Three European Catholic cardinals have written a letter to the Episcopal Conferences of the European Union calling for refugees and asylum seekers in Greece, in particular on the island of Lesbos, to be relocated to other EU countries.
Three leading European cardinals have called on all European Bishops' Conferences to help relocate refugees stuck in Lesbos and other reception camps in Greece, Vatican News reported on February 20.
The cardinals are Jean-Claude Hollerich, president of the Commission of the Bishops' Conferences of the European Community (COMECE), Michael Czerny, undersecretary of the Migrants and Refugees Section of the Dicastery for Promoting Integral Human Development, and Konrad Krajewski, the almoner of the Pope.
Repeatedly quoting Pope Francis in the letter, the three cardinals urged the Bishops' Conferences to support efforts to transfer asylum seekers and refugees from Greece, in particular Lesbos, to member states of the European Union.
'Projects for humanitarian
The letter begins by recalling that Pope Francis in September 2015 urged ''parishes, religious communities, monasteries and shrines throughout Europe'' to ''express the Gospel in a concrete way and host a refugee family,'' Vatican News reported.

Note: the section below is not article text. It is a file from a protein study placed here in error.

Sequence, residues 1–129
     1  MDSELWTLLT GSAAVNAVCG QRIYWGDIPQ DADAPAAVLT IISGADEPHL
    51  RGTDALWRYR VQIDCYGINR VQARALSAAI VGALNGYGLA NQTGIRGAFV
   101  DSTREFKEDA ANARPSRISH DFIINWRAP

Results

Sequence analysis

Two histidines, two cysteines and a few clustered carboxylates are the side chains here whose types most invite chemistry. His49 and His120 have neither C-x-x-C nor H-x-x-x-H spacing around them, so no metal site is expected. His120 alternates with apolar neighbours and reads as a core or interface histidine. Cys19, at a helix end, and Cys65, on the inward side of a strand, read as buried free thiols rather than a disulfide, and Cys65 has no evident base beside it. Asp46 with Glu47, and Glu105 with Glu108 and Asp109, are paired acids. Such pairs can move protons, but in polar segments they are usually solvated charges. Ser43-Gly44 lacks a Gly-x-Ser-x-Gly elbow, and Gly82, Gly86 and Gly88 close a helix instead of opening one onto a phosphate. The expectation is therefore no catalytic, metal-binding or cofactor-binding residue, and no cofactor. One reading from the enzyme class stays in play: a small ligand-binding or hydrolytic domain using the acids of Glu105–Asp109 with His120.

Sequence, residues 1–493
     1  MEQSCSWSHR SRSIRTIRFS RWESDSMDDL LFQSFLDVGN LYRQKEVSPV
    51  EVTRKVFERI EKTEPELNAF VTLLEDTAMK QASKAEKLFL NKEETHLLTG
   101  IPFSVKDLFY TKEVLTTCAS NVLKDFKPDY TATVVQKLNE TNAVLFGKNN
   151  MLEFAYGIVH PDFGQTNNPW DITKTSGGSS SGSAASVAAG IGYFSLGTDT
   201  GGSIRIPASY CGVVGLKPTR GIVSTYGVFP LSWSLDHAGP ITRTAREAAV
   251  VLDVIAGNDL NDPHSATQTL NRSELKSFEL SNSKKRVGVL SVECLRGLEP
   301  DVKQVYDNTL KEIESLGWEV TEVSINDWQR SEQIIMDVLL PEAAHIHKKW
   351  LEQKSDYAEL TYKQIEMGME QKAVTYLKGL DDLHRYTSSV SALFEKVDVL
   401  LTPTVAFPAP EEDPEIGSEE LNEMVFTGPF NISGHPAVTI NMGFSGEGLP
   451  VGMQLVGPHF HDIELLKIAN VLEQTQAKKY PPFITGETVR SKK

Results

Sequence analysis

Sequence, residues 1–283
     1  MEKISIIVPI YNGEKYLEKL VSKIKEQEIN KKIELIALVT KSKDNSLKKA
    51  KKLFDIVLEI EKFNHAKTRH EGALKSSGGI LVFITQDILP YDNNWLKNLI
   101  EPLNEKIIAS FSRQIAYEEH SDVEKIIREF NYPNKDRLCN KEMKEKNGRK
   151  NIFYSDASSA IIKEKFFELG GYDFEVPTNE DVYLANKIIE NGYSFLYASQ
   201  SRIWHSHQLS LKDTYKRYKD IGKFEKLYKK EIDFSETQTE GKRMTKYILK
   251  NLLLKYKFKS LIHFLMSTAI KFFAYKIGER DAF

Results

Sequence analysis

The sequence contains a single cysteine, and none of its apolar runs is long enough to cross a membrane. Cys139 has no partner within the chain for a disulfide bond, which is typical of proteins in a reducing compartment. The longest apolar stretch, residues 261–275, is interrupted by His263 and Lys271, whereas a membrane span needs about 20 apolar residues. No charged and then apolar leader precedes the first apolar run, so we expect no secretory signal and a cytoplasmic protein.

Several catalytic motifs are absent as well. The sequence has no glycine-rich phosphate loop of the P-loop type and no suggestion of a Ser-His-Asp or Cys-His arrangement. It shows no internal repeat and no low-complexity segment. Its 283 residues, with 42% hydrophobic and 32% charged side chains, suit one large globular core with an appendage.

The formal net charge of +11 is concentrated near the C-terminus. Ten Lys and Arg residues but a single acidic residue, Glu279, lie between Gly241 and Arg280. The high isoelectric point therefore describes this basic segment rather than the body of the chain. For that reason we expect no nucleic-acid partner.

At that time, the pontiff also called for the support of all the European bishops for his appeal, recalling that ''Mercy is the second name of Love'. A few months later, Pope Francis visited Lesbos.
The cardinals' letter highlighted the pontiff's concern for the more than 20,000 adults and over 1,100 unaccompanied minors living in precarious and overcrowded structures "in Europe but outside of the European society," as the Pope put it then.
The cardinals also suggested that the Bishops' Conferences should "agree on a project for a humanitarian corridor from Lesbos and other first reception camps in Greece" in collaboration with their individual governments.
Several missions on the Aegean islands carried out by Cardinals Krajewski and Hollerich stemmed from the pontiff's concern, the letter said further. A positive outcome of recent initiatives to relocate refugees were also highlighted in the letter.
"Recently begun experiences in some countries have shown that the chances of a positive reception are higher than hoped for; in fact, many minors have been welcomed into families, while adults and families have been well received by the religious communities, parishes and families who have made themselves available for this service," the letter read.
'It is necessary to rescue and save'
The letter ended by quoting the Pope's words during a meeting last December at the Vatican with refugees who had arrived from Lesbos thanks to humanitarian corridors.
"'How can we fail to hear the desperate cry of so many brothers and sisters? How can we "go further," like the priest and the Levite of the parable of the Good Samaritan, making ourselves responsible for their death? Our sloth is a sin!", the Pope said.
"We must help and save, because we are all responsible for the life of our neighbor, and the Lord will ask us to account for this at the moment of judgment," Francis concluded.